Is sex really that important in a long-term relationship?

Jenna Birch
Contributing Writer
Yahoo Lifestyle
Illustrated by Thoka Maer for Yahoo Lifestyle
Illustrated by Thoka Maer for Yahoo Lifestyle

Sex. We think about it, we do it, but we don’t talk about it nearly enough — especially not with our partners. To be fair, sex is a tough one to discuss, because, well, it’s taboo. It’s also a vulnerable topic, and makes a lot of people feel uncomfortable or nervous or even ashamed. But the reality is, sex is important — and it is part of what makes a healthy relationship work.

When it comes to questions about sex between you and your partner, there are certain components of sexual compatibility and chemistry that are vital to suss out. So, if you’re dating or in a long-term relationship, it’s wise to watch out for these.

There needs to be a bond outside the bedroom.

You have to want to spend nonphysical time with the person you’re seeing. You need to have something to bond over that’s not the other’s body. Maybe you have the same sense of humor, similar goals in life, the same hobbies, or a general willingness to try new things together (novelty is the spice of life and relationships).

Even if you have an amazing physical connection or chemistry, life is not all about the bedroom. When it comes to relationship sustainability, you have to get to know (and truly like!) the person you’re seeing when they are behaving in their other natural (nonsexy) state. All of these outside connectors? Do you find them … hot? They should excite you, not bore you. Kind of like extended foreplay.

You need to be able to communicate. 

There’s nothing more important to physical intimacy than communication — if you can’t talk about sex, it’s really hard to have good sex. If you can’t find a way to bring up what you like (and don’t like), then you’re always going to be left unsatisfied. You also must know how to frame these messages for your partner.

Similarly, you have to be able to communicate about issues that are unrelated to the bedroom. This boils down to communication style. Are you getting your message across? Do you feel heard and seen when you tell your partner your needs and your feelings? If there’s a problem, do you have a way to reach resolution together? If you can’t communicate through issues, it’ll stunt your physical intimacy; you simply won’t want to have sex if you’re fighting or feel minimized.

You should have similar sex drives. 

Most of great, relationship-improving sex is about having similar sex drives. It’s possible to overcome a dynamic where you’re cool with sex just once a week or once every other week while your partner would like it once a day. But, over time, it’s going to be important to reach a compromise.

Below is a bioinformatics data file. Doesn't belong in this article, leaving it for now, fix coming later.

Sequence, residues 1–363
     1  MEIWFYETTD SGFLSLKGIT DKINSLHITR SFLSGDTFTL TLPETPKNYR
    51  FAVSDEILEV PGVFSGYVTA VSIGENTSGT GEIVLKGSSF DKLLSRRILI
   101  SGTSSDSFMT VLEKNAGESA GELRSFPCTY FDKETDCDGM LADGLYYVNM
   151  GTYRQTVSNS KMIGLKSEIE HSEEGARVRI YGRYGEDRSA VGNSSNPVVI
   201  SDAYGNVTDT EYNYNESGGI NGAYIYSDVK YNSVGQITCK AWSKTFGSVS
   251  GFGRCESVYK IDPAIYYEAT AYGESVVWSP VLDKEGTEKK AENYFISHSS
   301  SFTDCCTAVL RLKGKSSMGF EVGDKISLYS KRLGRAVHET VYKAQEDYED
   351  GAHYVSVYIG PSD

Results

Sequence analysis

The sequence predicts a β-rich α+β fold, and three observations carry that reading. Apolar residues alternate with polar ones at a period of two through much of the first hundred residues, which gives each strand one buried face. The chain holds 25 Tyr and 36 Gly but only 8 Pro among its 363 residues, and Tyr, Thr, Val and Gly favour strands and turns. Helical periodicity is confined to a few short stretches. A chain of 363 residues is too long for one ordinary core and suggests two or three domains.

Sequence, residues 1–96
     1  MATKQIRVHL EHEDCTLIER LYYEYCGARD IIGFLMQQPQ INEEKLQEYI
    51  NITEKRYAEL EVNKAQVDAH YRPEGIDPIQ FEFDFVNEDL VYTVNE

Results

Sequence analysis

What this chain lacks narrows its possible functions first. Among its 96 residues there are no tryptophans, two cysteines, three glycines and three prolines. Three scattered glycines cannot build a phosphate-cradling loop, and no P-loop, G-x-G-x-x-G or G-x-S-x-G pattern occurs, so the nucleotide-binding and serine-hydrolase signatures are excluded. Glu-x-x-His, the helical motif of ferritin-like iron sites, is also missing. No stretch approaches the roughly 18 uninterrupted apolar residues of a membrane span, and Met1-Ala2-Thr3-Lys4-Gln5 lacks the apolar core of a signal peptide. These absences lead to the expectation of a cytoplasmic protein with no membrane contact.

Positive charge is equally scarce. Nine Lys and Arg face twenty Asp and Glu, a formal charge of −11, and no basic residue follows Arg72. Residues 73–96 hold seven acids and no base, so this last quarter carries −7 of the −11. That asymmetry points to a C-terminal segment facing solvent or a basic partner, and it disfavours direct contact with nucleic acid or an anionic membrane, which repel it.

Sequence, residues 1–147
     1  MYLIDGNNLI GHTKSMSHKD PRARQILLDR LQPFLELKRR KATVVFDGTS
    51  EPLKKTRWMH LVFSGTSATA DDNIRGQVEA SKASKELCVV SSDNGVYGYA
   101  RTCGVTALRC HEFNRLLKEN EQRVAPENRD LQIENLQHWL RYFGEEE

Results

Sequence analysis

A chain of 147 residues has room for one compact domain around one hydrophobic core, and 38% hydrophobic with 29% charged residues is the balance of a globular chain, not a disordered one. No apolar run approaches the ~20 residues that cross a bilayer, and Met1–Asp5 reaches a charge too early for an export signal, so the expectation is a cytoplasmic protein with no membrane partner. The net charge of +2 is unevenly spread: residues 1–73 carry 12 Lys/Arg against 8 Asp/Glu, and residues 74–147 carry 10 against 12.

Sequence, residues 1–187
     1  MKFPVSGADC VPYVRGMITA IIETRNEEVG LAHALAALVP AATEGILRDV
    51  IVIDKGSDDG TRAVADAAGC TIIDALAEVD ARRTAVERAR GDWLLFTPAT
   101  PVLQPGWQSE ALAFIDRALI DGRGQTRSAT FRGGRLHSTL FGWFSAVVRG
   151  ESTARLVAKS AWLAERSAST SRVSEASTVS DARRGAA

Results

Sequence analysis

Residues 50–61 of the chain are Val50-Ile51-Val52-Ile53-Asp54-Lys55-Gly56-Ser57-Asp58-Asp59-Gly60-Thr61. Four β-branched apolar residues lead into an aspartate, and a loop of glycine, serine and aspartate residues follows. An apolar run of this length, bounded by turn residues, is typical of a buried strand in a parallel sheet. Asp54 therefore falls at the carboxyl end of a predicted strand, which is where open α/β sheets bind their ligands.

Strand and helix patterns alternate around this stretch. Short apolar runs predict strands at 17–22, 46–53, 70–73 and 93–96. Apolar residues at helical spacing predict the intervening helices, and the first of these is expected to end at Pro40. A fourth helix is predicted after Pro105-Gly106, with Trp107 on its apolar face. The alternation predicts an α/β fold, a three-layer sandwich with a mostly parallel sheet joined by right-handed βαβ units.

When you’re dating, it’s important to feel out just how much you both like and need physical intimacy. That’s something I’ve watched a lot of couples overlook through the years. It’s one thing if the gap is small, but it’s a wholly different beast if one partner is a very physical person and the other just isn’t — especially if you are the partner who feels somewhat sexually rejected. That’s likely going to be a problem that only gets bigger with time.

If you’re the partner who has a lower libido, and if it has dipped even lower recently, you can check with your doctor; sometimes medications or underlying conditions can alter your sex drive.

You need to prioritize each other.

I like to think of relationships as comprising three elements of attraction: intellectual, emotional, and physical. Lots of sex issues can be overcome by this last foundational principle, which is a simple willingness to prioritize each other and your physical relationship so that everyone’s needs are met.

Illustrated by Thoka Maer for Yahoo Lifestyle
Illustrated by Thoka Maer for Yahoo Lifestyle

For instance, lots of couples want sex to be exciting and spontaneous. That would be ideal, but day-to-day life is crazy. If needs aren’t being met, those needs should be addressed through planned date nights or a shared calendar to sync your schedules for physical intimacy. (Yes, relationship experts and therapists still suggest scheduling sex, because it’s a lot more romantic if you’re actually having it!) Similarly, you need to prioritize your partner’s needs, kinks, quirks, and suggestions. If that’s not an option, because you’re simply not into something or you want totally different things, you might just be sexually incompatible — and most likely incompatible as a couple too.

It’s important to enter the bedroom with an open mind. As long as everything is approached with respect and vulnerability, the goal should always be finding a way to mutually satisfy each other. That might not happen all the time. It might not happen right away. But the attitude should always be one of enthusiasm, improvement, care, support, and making a relationship — whether it be budding, or long term — even stronger.

Jenna Birch is the author of  The Love Gap: A Radical Plan to Win in Life and Love (Grand Central Life & Style). Her relationship column appears on Yahoo every Monday. To ask her a question, which may appear in an upcoming post, send an email to jen.birch@sbcglobal.net with “Yahoo question” in the subject line.

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